Evelyn Doane - William Raveis Real Estate - Cape Cod



Posted by Evelyn Doane on 3/25/2018

Keeping your home secure is a lot like maintaining a healthy lifestyle: If you prioritize it and develop good daily habits, then your chances of staying safe and healthy are vastly improved.

While there's no ironclad security strategy that's absolutely fail-proof -- especially when you factor in the element of human error -- the following security tips will help make your home a safer and more secure place for you and your family.

  1. Awareness is the key. Don't be lulled into a false sense of complacency. Although your sense of well-being depends, in part, on having an inner feeling of safety and security, it's still necessary to lock your doors, be aware of your surroundings, exercise a moderate amount of caution, and follow a few commonsense guidelines. Even if you're fortunate enough to live in a "safe neighborhood", there's still an element of unpredictability that should always be kept in mind. In reality, it's not that unusual for a nice neighborhood to be targeted by burglars. Granted, it doesn't happen very often, but it only takes one incident for your belongings (and peace of mind) to be stolen by intruders. As the old expression goes, "An ounce of prevention is worth a pound of cure."
  2. A barking dog can often be an effective burglar deterrent. Since most dogs have a natural inclination to bark at strangers and intrusive noises, having a dog in the family can be a valuable part of your overall home security program. Any kind of effective alarm system, which can include a barking dog, will instantly make your home a less desirable target for burglars, con artists, and other miscreants.
  3. Flood lights also help deter residential crime. While burglars may not necessarily have a clear-cut plan for breaking into your house, garage, or storage shed, you can be sure they do not want to be noticed, observed, or paid attention to in any way. Motion-activated flood lights or other types of alarms can be especially effective, since these devices trigger an immediate response to an intruder's presence.
  4. Home security systems are worth researching. People come up with a lot of excuses for dismissing the idea of installing a home security system. Some say they can't afford it, while others claim they're hopeless technophobes, and couldn't possibly figure out how to program or operate a security system. At the very least, it's a good idea to educate yourself about the available options, prices, and technical support. Once you've taken the first step, proceeding forward will feel a lot easier and less intimidating.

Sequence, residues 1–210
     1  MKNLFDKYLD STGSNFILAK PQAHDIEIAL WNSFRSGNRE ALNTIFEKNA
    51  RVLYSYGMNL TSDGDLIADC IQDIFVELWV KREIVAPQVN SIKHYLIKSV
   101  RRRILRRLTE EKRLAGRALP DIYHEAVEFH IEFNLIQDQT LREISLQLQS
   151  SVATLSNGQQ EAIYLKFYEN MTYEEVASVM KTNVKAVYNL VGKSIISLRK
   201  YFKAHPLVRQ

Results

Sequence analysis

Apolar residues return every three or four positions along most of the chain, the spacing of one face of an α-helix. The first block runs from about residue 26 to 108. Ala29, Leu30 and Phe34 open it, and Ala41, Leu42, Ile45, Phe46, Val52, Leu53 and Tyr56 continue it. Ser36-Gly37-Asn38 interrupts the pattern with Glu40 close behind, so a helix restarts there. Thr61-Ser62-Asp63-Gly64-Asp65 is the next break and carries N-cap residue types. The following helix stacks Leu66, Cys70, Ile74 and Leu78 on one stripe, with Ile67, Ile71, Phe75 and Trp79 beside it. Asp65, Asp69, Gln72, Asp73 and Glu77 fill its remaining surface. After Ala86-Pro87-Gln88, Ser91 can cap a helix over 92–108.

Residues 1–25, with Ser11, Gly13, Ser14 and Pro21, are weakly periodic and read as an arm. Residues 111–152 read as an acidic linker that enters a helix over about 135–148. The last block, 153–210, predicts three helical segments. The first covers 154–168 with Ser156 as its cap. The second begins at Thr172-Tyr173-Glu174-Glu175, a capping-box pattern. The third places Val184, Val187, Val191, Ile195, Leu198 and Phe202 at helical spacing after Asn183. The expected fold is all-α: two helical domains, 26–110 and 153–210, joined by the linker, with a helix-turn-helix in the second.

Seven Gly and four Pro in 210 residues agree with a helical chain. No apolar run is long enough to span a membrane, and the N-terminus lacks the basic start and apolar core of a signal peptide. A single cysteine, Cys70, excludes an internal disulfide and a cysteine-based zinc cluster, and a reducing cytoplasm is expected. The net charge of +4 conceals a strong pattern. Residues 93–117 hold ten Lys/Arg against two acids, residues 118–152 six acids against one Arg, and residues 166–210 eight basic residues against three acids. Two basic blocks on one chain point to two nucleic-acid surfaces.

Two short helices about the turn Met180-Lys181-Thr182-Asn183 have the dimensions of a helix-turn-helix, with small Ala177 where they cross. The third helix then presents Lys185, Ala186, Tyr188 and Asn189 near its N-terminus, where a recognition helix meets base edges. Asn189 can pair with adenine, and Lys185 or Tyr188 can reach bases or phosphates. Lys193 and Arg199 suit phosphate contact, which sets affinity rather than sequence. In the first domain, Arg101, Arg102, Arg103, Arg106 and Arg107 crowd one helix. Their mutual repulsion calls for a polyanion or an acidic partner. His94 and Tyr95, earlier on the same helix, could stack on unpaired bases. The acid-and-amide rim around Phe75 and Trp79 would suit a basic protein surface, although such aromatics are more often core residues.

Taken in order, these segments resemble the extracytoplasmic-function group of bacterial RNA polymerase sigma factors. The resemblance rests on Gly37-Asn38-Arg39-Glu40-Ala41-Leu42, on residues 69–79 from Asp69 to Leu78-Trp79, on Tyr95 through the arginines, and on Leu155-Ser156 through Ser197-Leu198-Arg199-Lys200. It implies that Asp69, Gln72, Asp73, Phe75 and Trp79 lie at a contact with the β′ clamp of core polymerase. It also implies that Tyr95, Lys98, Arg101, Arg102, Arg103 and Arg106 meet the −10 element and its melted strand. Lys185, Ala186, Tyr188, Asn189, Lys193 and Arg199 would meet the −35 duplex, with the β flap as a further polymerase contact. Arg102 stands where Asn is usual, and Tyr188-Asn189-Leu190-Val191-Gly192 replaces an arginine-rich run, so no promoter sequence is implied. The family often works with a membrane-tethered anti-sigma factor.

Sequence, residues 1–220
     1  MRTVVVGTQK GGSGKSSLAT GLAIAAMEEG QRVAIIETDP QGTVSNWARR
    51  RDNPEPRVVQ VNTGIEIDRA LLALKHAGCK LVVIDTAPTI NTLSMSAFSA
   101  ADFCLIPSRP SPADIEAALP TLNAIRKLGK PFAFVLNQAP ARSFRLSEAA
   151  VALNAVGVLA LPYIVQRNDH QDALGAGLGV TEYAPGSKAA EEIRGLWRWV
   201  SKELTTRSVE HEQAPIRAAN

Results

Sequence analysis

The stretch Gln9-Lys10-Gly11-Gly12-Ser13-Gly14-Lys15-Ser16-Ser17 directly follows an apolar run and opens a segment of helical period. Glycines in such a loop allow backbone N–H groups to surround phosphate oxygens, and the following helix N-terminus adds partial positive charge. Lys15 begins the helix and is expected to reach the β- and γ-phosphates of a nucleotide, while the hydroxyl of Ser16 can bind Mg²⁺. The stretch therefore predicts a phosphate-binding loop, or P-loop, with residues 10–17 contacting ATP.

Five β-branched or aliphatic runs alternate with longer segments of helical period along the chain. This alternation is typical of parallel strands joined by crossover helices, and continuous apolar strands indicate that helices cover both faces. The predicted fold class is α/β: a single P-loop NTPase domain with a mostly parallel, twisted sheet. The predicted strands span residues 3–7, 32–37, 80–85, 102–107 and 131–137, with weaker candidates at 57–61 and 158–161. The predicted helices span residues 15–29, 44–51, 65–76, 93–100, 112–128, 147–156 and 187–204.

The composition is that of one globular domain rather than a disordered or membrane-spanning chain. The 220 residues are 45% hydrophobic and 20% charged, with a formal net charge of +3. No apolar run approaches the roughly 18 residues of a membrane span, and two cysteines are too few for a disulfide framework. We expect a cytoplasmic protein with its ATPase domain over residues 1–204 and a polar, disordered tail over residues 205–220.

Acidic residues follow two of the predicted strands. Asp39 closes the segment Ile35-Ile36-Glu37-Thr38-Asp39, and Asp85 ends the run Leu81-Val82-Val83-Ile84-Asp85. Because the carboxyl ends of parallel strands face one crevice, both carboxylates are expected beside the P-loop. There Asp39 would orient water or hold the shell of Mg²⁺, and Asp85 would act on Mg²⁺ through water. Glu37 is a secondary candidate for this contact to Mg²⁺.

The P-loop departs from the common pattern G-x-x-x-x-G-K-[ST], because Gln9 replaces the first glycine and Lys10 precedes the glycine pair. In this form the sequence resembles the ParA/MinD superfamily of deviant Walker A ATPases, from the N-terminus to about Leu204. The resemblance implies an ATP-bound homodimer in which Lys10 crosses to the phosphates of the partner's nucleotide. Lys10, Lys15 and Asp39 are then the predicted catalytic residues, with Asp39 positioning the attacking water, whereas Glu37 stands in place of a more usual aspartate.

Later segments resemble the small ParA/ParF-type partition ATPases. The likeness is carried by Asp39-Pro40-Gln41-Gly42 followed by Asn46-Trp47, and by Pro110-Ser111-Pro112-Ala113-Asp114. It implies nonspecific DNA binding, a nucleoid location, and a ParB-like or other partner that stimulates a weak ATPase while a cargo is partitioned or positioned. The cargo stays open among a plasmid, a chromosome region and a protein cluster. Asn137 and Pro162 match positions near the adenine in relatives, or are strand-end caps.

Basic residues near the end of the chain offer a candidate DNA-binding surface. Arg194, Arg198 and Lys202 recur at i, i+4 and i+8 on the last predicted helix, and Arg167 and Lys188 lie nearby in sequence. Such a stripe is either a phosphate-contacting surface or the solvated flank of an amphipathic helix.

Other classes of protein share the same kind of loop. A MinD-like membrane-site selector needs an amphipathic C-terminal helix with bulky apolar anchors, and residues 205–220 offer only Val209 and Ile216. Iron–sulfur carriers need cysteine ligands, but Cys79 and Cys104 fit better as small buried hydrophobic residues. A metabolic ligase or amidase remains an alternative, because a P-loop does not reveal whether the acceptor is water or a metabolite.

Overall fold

One thing you don't want to be in the position of doing is "closing the stable door after the horse has bolted." While it would be a step in the wrong direction to put yourself and your family in a constant state of high alert, if you put a few basic safeguards into place, you'll be paving the way for a safer home and a more secure environment.





Posted by Evelyn Doane on 12/22/2013

Each year in the U.S. there are more than five million home burglaries. Most of those crimes were preventable. There are simple steps you can take to make your home less enticing to would-be burglars and reduce your risk of being burglarized. Here are some ways to keep your home safe from thieves: 1. Don't advertise After you buy that expensive new television or computer do not leave the box sitting on the curb. You are telling would-be burglars you have things in your home that could fetch money. Cut the boxes into smaller pieces and put them inside the recycling bin out of plain sight. 2. Pretend someone is always home Typically if burglars think someone is home, they won't attempt to break in. When you leave the house, create an illusion that someone's still there by leaving a light on, or even the television. You can also set timers to set lights to go on and off throughout the home at different times. 3. Secure sliding doors Locks can easily be picked on sliding doors so take extra precaution to secure them. Place a strong dowel, steel bar or two-by-four and slide it into the back groove of the sliding door to prevent the door from being opened even if the lock is picked. 4. Lock it up Forty percent of break-ins happen without the use of force. Lock all the windows and doors and use the dead bolt on the door if you have one. When you leave make sure to lock the door leading from the garage to inside of the home. Even if your garage door is down, someone can easily open it. 5. Don't provide easy access Never leave a spare key hidden outside of your home that's an open invitation for a burglar. Instead, give a spare key to a neighbor or hide a combination lockbox to keep a key in. 6. Trim the shrubs. Don't provide a hiding place for criminals. Keep the shrubs in front of windows low and cut away any tall tree branches that reach upper story windows. 7. Don't advertise you are away If you're leaving town for a while, let the police know and request that they drive by your property to check on things. Break-ins spike during July and August when homeowners are usually away on vacation. Tell your neighbors you will be away and ask them to keep an eye on your property. Have a house sitter pick up mail, shovel the driveway or mow the lawn. These are all telltale signs of an empty home.